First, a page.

When I received the abstracts for the Mining Modern Museum Education conference—held at MoMA this past Friday, June 25—and read Wendy Woon’s blog posts on the topic, I was particularly sorry I couldn’t attend. It’s thrilling to explore the rich history of museum education, and surprising that so little has been accessible to date.
Posts tagged ‘Mining Modern Museum Education’
I often to try to imagine what it was like for MoMA’s first director of education, Victor D’Amico, to build a new, expansive education program dedicated to art with a radically different modern aesthetic at a time when the public was hard hit by the Great Depression.
I first discovered Hilla Rebay while reading a fascinating book about the life of Peggy Guggenheim, Mistress of Modernism by Mary V. Dearborn, who happened to be my office mate while I was New York City Scholar at the Heyman Center for Humanities at Columbia University several years ago. Peggy’s life was filled with a cast of interesting art world characters, but Hilla Rebay was clearly someone I needed to know more about.
It’s a commonly held notion that a Canadian can be easily identified by the end-of-sentence “eh?” However, true connoisseurs of all things Canadian know that what separates citizens of the north from the south, the true identifier, is that when naming someone notable, the name is followed by a knowing nod and the enthusiastic comment “Canadian!”—as in, Peter Jennings (Canadian!), Brendan Frazier (Canadian!), or Eugene Levy (Canadian!). The impulse to not only include Canadian cultural contributions in the broader American context, but to distinguish them, is deeply ingrained.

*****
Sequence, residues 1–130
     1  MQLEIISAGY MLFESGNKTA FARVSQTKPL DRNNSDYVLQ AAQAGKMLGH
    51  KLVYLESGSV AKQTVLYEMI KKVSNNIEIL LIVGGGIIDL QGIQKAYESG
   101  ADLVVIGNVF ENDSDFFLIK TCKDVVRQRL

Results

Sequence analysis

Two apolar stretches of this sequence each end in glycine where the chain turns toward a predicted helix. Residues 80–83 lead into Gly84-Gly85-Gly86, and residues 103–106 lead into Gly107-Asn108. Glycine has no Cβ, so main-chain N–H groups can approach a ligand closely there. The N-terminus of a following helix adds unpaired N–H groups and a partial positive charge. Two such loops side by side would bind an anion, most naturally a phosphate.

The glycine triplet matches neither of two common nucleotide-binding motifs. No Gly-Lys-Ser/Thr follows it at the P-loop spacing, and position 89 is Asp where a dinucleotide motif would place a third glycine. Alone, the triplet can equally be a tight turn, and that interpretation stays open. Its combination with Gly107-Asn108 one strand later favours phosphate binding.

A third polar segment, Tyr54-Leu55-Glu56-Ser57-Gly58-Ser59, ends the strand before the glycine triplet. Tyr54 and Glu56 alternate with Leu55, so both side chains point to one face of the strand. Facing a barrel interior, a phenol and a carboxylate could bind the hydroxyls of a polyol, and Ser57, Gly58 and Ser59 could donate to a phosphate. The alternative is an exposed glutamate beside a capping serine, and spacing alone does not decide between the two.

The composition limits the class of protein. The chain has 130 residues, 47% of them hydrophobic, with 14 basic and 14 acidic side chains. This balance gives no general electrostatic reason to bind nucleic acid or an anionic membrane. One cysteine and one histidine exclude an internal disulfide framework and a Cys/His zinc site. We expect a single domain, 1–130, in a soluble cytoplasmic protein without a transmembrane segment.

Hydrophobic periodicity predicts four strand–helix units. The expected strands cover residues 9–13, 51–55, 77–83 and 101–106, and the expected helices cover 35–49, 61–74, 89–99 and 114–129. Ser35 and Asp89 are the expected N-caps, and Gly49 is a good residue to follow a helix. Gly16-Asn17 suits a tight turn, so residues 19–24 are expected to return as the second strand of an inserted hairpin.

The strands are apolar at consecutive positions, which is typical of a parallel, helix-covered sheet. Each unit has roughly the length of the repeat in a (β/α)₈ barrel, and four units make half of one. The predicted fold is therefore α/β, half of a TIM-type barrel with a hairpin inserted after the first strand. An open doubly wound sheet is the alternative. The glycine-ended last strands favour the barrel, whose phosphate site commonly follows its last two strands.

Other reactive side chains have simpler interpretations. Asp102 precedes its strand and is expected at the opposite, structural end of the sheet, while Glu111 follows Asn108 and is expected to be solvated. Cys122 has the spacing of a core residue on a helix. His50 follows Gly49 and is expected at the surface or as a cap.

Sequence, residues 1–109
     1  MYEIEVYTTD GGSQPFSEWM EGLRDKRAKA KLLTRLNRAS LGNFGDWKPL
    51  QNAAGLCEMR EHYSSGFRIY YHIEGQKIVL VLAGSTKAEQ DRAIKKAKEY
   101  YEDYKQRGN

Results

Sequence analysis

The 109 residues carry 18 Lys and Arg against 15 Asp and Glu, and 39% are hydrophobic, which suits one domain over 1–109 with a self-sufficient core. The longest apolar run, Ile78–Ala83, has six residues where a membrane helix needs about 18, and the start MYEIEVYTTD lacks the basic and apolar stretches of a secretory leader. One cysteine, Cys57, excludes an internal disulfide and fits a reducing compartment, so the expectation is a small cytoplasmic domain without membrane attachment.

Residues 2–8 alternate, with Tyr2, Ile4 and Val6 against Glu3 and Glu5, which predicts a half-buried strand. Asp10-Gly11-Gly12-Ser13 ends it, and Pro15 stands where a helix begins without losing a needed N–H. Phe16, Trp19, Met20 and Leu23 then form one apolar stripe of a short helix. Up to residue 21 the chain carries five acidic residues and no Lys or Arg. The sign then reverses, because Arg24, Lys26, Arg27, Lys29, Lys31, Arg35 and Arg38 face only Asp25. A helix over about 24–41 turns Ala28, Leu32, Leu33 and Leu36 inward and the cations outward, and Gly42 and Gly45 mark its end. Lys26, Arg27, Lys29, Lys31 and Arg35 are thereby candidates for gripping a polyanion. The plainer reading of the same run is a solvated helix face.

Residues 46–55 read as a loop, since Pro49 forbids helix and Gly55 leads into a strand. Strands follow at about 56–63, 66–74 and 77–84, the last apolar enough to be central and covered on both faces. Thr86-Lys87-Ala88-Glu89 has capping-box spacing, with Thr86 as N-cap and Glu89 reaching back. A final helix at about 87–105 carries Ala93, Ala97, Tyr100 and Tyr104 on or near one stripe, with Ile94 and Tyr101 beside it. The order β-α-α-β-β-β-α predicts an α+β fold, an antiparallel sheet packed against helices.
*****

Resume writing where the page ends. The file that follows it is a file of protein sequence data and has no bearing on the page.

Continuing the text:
For this reason I thought it important, when planning Mining Modern Museum Education, an upcoming panel discussion on four seminal figures in early- to mid-twentieth-century museum education, to consider the significant contributions of my fellow Canadian Arthur Lismer. An iconic Canadian artist of the modern era (Group of Seven), Lismer was also an influential museum educator whose work in this field merits investigation.
In Spring 2006, when I was preparing for my first interview for my current position as deputy director for education at MoMA, I spent some quality time with a fascinating book: Art in Our Time: A Chronicle of the Museum of Modern Art.
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